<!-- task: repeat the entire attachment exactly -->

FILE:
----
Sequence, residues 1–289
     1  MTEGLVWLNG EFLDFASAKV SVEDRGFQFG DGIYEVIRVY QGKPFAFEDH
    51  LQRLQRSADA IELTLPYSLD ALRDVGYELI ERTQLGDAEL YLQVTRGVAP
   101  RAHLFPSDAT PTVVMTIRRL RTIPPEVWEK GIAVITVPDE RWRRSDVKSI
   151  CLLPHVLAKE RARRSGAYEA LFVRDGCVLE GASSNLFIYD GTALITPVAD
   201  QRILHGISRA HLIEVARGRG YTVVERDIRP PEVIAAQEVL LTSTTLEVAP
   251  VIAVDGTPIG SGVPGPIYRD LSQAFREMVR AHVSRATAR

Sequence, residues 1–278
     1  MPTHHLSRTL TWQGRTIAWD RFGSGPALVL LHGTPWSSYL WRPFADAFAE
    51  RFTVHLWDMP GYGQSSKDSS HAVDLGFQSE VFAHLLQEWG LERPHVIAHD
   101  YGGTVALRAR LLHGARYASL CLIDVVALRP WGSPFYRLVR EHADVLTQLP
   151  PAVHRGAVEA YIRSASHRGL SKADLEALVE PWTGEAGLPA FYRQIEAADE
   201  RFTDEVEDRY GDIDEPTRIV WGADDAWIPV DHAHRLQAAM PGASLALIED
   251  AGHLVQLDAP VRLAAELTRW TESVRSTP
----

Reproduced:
Sequence, residues 1–289
     1  MTEGLVWLNG EFLDFASAKV SVEDRGFQFG DGIYEVIRVY QGKPFAFEDH
    51  LQRLQRSADA IELTLPYSLD ALRDVGYELI ERTQLGDAEL YLQVTRGVAP
   101  RAHLFPSDAT PTVVMTIRRL RTIPPEVWEK GIAVITVPDE RWRRSDVKSI
   151  CLLPHVLAKE RARRSGAYEA LFVRDGCVLE GASSNLFIYD GTALITPVAD
   201  QRILHGISRA HLIEVARGRG YTVVERDIRP PEVIAAQEVL LTSTTLEVAP
   251  VIAVDGTPIG SGVPGPIYRD LSQAFREMVR AHVSRATAR

Sequence, residues 1–278
     1  MPTHHLSRTL TWQGRTIAWD RFGSGPALVL LHGTPWSSYL WRPFADAFAE
    51  RFTVHLWDMP GYGQSSKDSS HAVDLGFQSE VFAHLLQEWG LERPHVIAHD
   101  YGGTVALRAR LLHGARYASL CLIDVVALRP WGSPFYRLVR EHADVLTQLP
   151  PAVHRGAVEA YIRSASHRGL SKADLEALVE PWTGEAGLPA FYRQIEAADE
   201  RFTDEVEDRY GDIDEPTRIV WGADDAWIPV DHAHRLQAAM PGASLALIED
   251  AGHLVQLDAP VRLAAELTRW TESVRSTP